Hamlet for Kids (Free Printable)

Hamlet for Kids mylearningtable.com Free printable

Reading Shakespeare with Kids

It’s Shakespeare month for our Real Teens Read literature group. We’ve been reading Hamlet and learning more about Shakespeare’s use of language. Many of our teen members have younger siblings who are listening in and learning about Hamlet along with the “big kids.”

Some ways to share Hamlet with younger kids:

Read a condensed version of the play just for younger readers. This will expose them to the storyline and characters without overwhelming them with the language and some of the graphic elements of the action. Some versions we like are Shakespeare Stories by Leon Garfield, Hamlet (No Fear Shakespeare Graphic Novels), and Hamlet For Kids (Shakespeare Can Be Fun!). Even if you read aloud the play in the original language, young kids will absorb more than you think.

Watch the play. If possible, attend a live performance with your kids. Many theater companies offer discounted education performances, and some Shakespeare companies even offer free public performances. Check with your city’s arts council, local theaters, and local college fine arts departments. Seeing the play acted out (as it is intended to be enjoyed) helps not only kids, but teens and adults as well, understand what is going on as they become immersed in the story. If you cannot find a live performance in your area, your library probably had a movie version you can borrow.

Memorize lines. Younger kids especially have fun with memorization, and it seems to come easier the younger they are. How to Teach Your Children Shakespeare is a step-by-step guide to teaching children specific lines from Shakespeare’s plays, including a big section on Hamlet.

Act it out. Pull out some dress up clothes, and stage a scene from the play, giving everyone a part. If kids haven’t memorized lines, print out a few sheets of the “script,” and set kids free to be creative. My boys love the sword fighting scenes the best, and light sabers often stand in for props.

Do hands-on crafts related to the play and the time period of Shakespeare. We have done several projects from Shakespeare for Kids: His Life and Times, 21 Activities (For Kids series).

Tie the Shakespeare theme in with your other curriculum. Learn about the Elizabethan period in history, play with Shakespeare’s vocabulary in language arts, and do some copywork and narration activities related to the play. See below for a free copywork printable!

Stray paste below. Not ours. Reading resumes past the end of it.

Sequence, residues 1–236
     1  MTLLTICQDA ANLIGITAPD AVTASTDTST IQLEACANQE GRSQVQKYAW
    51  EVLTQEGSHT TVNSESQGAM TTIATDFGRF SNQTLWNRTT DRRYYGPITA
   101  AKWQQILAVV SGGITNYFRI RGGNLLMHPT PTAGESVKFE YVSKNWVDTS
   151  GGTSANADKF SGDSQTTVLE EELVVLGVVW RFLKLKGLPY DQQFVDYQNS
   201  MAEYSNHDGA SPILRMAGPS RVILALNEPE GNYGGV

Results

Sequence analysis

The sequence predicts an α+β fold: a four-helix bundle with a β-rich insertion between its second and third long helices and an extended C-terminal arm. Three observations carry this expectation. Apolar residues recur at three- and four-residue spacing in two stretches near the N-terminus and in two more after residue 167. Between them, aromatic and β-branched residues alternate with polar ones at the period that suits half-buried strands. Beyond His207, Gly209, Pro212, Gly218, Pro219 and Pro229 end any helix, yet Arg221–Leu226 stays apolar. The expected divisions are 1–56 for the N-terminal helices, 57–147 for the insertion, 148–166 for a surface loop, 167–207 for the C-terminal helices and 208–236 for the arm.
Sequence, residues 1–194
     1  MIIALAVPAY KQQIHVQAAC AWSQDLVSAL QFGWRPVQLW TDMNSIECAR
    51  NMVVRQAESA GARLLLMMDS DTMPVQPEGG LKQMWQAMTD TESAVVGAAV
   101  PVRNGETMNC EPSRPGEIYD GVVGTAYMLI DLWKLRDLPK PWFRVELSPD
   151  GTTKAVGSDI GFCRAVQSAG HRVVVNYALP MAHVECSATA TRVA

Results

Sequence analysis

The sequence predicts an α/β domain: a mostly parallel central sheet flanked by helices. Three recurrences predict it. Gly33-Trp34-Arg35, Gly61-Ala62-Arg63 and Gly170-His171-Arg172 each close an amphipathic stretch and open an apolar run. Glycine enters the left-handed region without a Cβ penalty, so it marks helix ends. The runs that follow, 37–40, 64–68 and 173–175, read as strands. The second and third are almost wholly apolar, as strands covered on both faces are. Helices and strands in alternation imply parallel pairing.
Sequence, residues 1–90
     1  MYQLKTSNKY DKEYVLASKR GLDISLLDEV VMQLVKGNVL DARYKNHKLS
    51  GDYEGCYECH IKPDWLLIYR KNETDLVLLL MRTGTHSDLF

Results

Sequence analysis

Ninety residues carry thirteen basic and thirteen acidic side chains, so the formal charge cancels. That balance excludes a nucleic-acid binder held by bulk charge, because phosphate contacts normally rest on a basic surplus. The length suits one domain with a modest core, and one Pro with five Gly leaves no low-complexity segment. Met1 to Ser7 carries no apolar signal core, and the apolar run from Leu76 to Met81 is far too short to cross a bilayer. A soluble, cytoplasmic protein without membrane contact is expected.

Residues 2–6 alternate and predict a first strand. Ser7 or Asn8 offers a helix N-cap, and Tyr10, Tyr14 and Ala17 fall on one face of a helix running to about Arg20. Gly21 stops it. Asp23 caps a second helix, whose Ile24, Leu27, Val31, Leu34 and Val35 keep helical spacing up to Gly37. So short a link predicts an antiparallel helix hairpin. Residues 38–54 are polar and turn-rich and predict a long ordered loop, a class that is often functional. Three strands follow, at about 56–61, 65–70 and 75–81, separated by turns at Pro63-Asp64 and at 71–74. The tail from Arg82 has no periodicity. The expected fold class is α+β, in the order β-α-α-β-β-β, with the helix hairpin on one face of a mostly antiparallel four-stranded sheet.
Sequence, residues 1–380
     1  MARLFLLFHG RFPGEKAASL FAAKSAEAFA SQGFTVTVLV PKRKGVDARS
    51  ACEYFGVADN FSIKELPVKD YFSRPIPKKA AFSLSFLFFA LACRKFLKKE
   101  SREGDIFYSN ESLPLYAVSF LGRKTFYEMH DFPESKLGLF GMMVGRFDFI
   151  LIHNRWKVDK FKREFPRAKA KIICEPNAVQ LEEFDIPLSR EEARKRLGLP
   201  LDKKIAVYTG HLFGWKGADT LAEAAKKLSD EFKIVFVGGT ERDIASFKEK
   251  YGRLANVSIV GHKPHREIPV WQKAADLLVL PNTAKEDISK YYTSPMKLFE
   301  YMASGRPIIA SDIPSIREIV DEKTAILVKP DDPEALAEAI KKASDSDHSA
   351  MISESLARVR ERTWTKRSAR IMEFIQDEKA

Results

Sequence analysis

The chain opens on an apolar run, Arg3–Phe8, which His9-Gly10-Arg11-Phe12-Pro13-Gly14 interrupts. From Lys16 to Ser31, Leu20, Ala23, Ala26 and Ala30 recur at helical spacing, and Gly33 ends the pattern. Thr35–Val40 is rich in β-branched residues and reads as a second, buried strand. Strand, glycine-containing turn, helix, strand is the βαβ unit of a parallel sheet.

When the whole family learns together, it saves time for the homeschool teacher, and kids will benefit from shared learning.

Here’s Your Free Printable!

Hamlet Copywork mylearningtable.com

Share this:
Facebooktwittergoogle_pluspinterest

Comments (9)

  1. Kristen

    Love this idea! I am a big Shakespeare fan! I have young children so I will check out those books you mention!

    Reply
    1. Anne Campbell (Post author)

      Wonderful, Kristen! Thank for checking out our ideas!

      Reply
  2. Nita

    Great idea. I have two children and they both love to read so will definitely check those books you mentioned.

    Reply
    1. Anne Campbell (Post author)

      Thanks so much, Nita!

      Reply
  3. Ellen Christian (@ellenblogs)

    I loved getting the kids interested in Shakespeare and other classics when they were younger. He’s such an amazing writer.

    Reply
    1. Anne Campbell (Post author)

      It’s fun to share him with kids. My boys especially like going to see the plays live. We are fortunate to have a local Shakespeare company, so they’re getting a lot of exposure. I hope it will benefit them in college one day.

      Reply
  4. Jill

    You have some smart cookies to be reading Shakespaeare at their age. That’s awesome. I was never a fan in my youth but my husband and I went to Stratford Upon Avon a few years ago and everthing suddenly klicked.

    Reply
  5. Jill

    How fun! My first exposure to Shakespeare was in Freshman English and I never warmed to him. This is a great way to introduce it to younger children. Love the printable!

    Reply
  6. Anil

    Dear Anne, Me from India. You have done an excellent work, relly grateful to you.

    Reply

Leave a Comment

Your email address will not be published. Required fields are marked *